Facebook sexism campaign attracts thousands online
- 28 May 2013
- From the section Technology
Thousands of protesters are demanding tougher action from Facebook over posts that they say degrade women.
More than 50,000 have tweeted in support of the FBrape campaign and around 5,000 have emailed brands whose advertising appears around the content.
The campaign focuses on content that portrays rape and violence against women positively. Facebook has removed many examples already.
A separate petition online has gathered more than 220,000 signatures.
The new campaign has been organised by 40 women's groups and individuals, including US-based Women, Action and the Media (WAM) and the Everyday Sexism project, a UK-based Twitter feed that encourages women to share incidences of perceived sexism.
In an open letter to the social media giant, the groups demand "swift, comprehensive and effective action addressing the representation of rape and domestic violence on Facebook" and say they are also asking Facebook users to contact companies whose adverts appear around the offending content.
Sky, American Express and Dove beauty products are among the brands affected.
The letter also lists examples of material that the group feels is unacceptable.
They include Facebook groups with titles such as "This is why Indian girls get raped" and individual uploads of graphic photographs showing abused women.
One image of a woman lying at the foot of a flight of stairs is captioned "Next time, don't get pregnant".
'Target people's interests'
Dove, a brand owned by Unilever, said it was "most upset" by the images, but both the brand and Facebook said the examples given had since been removed from the site.
"Dove takes this issue very seriously and does not condone any activity that intentionally insults any audience," said global communications director Stacie Bright.
"We are working to refine our targeting terms in case any further pages like these are created. Facebook advertising targets people's interests, not pages, and we do not select the pages our adverts appear on."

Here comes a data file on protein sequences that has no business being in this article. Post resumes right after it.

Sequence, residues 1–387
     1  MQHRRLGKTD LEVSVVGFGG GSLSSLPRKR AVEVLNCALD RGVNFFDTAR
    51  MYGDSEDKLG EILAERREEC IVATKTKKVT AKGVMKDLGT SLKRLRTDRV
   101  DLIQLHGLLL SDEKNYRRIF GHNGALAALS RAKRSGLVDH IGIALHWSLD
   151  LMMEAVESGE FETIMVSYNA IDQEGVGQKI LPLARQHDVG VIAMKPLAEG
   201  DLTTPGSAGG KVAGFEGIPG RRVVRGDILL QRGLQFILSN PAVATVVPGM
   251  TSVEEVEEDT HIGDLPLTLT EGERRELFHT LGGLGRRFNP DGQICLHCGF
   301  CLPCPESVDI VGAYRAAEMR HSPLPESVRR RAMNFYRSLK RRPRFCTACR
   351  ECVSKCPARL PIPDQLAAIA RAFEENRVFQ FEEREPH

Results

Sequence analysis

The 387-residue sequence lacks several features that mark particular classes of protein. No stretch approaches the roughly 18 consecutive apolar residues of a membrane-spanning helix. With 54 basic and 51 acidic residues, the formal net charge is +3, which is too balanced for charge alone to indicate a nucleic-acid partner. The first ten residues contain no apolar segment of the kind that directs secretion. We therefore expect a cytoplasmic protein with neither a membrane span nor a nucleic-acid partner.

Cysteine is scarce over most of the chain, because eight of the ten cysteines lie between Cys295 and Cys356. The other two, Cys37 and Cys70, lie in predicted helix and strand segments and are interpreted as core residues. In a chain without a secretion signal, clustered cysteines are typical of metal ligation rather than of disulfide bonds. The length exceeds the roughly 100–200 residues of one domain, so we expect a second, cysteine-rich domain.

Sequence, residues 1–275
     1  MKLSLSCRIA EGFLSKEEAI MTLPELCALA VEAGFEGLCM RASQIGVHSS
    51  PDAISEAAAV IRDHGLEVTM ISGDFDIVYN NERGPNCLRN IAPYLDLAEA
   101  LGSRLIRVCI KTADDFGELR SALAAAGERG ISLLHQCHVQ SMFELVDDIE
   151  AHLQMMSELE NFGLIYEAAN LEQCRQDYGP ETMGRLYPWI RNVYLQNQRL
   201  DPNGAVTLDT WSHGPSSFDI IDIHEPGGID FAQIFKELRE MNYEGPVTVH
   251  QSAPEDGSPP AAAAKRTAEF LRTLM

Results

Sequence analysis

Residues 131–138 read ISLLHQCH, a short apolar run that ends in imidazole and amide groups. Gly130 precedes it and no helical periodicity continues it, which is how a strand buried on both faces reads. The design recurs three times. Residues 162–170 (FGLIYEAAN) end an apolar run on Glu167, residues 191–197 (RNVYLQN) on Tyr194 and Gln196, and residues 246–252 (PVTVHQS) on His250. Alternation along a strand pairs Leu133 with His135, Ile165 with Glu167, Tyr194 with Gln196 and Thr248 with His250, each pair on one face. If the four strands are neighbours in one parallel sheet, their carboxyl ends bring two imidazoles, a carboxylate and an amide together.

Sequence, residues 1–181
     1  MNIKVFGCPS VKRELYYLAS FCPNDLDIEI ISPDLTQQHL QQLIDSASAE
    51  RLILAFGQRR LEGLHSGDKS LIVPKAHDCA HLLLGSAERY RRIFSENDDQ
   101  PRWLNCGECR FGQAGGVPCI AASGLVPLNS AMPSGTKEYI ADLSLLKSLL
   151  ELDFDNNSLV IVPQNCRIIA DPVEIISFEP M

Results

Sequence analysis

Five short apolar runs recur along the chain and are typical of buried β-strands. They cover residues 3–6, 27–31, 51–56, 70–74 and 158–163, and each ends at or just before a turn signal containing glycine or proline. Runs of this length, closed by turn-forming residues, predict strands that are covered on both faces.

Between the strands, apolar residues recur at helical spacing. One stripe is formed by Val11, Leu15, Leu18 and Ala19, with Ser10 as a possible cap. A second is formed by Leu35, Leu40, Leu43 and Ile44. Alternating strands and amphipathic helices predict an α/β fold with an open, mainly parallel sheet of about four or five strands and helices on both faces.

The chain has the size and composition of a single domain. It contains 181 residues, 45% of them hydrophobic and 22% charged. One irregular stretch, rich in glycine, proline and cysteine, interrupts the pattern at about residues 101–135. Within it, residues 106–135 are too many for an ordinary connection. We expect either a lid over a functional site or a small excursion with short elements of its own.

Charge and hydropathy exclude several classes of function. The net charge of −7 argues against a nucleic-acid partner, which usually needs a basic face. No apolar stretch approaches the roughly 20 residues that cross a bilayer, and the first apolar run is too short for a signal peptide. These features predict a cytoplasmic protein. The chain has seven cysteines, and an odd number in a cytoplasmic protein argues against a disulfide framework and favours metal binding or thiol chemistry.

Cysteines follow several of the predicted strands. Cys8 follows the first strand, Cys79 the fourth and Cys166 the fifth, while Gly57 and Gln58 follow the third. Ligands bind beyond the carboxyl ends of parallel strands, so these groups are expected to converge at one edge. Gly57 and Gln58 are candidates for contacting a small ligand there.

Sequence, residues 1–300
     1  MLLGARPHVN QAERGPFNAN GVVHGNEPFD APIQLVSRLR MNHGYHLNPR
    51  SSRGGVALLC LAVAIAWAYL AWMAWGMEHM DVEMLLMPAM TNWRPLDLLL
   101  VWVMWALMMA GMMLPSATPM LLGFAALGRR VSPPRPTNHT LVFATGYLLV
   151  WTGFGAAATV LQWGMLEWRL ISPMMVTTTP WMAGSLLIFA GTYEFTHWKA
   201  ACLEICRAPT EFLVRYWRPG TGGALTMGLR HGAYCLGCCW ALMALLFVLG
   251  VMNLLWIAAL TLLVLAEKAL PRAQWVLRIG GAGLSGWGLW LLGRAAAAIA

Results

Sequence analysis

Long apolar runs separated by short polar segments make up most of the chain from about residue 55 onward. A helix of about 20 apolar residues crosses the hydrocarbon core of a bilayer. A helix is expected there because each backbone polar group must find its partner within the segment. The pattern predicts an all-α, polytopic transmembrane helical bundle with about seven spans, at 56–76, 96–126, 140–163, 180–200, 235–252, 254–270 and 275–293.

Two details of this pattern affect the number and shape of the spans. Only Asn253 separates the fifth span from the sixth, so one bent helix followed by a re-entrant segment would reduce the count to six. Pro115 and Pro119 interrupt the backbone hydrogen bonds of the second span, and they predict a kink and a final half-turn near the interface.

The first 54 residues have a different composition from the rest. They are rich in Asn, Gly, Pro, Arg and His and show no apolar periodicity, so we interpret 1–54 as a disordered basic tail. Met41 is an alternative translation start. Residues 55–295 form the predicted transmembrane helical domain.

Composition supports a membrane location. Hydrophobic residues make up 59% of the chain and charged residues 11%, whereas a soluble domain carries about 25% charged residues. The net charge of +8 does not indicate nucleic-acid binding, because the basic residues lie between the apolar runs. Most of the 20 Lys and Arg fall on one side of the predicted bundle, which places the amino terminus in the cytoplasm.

Both Ms Bright and a spokesperson for Facebook told the BBC that the examples mentioned in the letter had now been removed from the site.
"There is no place on Facebook for hate speech or content that is threatening, or incites violence, and we will not tolerate material deemed to be genuinely or directly harmful," said Facebook in a statement.
"We try to react quickly to remove reported language or images that violate our terms and we try to make it very easy for people to report questionable content using links located throughout the site."
The company added, however, that not all material that some users might consider to be "vulgar and distasteful" actually violated its policies.
Laura Bates, founder of the Everyday Sexism project, told the BBC the campaign had been born out of "sheer frustration" from a large number women who had tried to complain about the material and had then contacted her.
"Obviously it's difficult to moderate a platform with one billion users but it is disproportionately affecting women," she said.
"Facebook does crack down on issues like anti-Semitism and has been praised for it but when they see images of women being raped they don't consider that to be a form of hate speech.
"A lot of women are saying it's preventing them from using Facebook."
The social network has previously been taken to task for removing pictures of women breastfeeding infants and displaying their chests after mastectomy operations, she added.
"I don't think you can use the smokescreen of free speech when you take down other images which are often of women's bodies," said Ms Bates.
She also said that the groups and Facebook were "in communication" and both were hoping for a resolution as soon as possible.